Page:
The Motley Fool Discussion Boards
Financial Planning / Tax Strategies
|Subject: Re: Roth IRA||Date: 3/19/2000 8:30 AM|
|Author: hghcpa||Number: 32103 of 121803|
Well, ask a stupid question. I'm trying to understand
about Roth IRAs as they have to do with retired people.
I ask this yesterday and did not make myself
understood. So I'll try again a different way.
Can I transfer $18,000 in stock certificates out of my
company 401K plan as stock certificates, to a Roth IRA,
paying the required taxes of appox. $2,700 now. Then,
leaving it at least 5 years, get the appreciation,
considering it does go up, tax free?
As long as you are eligible for a distribution from the 401k then I believe the procedure would be to distribute to your IRA and then convert the IRA to a ROth.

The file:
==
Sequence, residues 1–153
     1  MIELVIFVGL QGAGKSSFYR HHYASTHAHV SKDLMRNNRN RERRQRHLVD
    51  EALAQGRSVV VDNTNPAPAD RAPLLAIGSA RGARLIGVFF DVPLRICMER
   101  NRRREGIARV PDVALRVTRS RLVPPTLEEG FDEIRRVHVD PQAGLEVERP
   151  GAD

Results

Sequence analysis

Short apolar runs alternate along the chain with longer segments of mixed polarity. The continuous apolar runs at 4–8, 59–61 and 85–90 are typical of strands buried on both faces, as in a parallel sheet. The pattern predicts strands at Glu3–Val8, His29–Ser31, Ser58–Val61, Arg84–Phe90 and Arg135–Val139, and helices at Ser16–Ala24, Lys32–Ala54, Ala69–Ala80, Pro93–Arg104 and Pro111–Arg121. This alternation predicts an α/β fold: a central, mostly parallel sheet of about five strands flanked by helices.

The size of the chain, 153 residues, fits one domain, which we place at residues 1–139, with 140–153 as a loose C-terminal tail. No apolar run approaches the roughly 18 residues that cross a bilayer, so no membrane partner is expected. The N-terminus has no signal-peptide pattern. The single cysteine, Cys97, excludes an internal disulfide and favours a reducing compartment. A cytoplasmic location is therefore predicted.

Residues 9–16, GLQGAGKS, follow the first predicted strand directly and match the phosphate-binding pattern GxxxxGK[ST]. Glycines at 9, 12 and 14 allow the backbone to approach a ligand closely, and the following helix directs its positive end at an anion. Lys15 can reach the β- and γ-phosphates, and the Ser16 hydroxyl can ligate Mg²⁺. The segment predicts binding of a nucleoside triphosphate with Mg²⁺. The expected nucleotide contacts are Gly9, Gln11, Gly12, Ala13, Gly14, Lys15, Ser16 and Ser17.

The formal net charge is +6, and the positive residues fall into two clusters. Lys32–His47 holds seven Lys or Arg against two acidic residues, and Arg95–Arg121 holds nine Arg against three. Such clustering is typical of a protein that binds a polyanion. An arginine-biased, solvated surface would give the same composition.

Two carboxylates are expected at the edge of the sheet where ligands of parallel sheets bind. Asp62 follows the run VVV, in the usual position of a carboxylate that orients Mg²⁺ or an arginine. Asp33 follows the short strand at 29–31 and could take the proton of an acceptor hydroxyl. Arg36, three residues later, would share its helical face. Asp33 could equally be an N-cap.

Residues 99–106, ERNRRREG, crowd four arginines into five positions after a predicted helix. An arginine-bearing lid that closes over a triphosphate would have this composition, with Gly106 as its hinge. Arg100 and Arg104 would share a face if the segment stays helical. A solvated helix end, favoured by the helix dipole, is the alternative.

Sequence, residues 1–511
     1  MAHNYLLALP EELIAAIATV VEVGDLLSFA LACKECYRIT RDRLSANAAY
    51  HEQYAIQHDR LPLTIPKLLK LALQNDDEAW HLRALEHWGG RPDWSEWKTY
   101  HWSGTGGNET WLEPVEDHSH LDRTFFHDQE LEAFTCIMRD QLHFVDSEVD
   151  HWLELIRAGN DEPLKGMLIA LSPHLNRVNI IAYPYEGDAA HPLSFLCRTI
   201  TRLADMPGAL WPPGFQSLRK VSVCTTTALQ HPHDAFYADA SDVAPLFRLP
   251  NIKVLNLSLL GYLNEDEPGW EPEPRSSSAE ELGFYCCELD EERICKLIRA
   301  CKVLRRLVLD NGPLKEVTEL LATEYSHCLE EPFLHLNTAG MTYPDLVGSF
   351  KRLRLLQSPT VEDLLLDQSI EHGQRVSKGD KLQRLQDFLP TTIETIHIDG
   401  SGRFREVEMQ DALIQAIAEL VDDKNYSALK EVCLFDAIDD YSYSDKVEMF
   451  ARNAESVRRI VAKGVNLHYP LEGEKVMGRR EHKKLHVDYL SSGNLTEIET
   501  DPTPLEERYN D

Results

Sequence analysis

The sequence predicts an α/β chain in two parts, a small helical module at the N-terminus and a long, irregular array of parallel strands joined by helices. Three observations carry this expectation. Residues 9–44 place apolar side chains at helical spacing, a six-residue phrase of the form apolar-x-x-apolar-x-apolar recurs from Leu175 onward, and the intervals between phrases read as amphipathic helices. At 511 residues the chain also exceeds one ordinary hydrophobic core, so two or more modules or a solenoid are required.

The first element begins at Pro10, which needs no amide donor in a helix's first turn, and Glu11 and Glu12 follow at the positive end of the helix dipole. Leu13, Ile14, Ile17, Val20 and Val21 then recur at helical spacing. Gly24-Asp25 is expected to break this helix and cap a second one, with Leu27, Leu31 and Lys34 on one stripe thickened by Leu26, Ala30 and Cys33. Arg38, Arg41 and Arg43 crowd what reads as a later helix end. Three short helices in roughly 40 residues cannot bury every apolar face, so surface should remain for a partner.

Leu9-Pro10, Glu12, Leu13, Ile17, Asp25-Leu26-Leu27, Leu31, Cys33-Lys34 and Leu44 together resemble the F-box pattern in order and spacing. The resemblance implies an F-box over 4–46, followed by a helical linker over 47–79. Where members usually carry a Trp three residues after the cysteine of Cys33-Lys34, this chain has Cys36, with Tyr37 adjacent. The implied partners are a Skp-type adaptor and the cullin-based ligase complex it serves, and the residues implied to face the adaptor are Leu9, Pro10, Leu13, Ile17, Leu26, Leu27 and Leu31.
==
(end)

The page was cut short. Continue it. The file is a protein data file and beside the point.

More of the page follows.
Could I also contribute an additional $2,000 each year
here after? Or, is it true as I've been told, retired
people cannot have a Roth IRA?
You may as long as your income is below certain thresholds and you have "earned" income equivalent to the amount of the ROTH contribution (<=2,000).
Earned income is income subject to FICA tax - IE wages.
Sorry, I forgot to mention I am retired
|Copyright 1996-2015 trademark and the "Fool" logo is a trademark of The Motley Fool, Inc. Contact Us|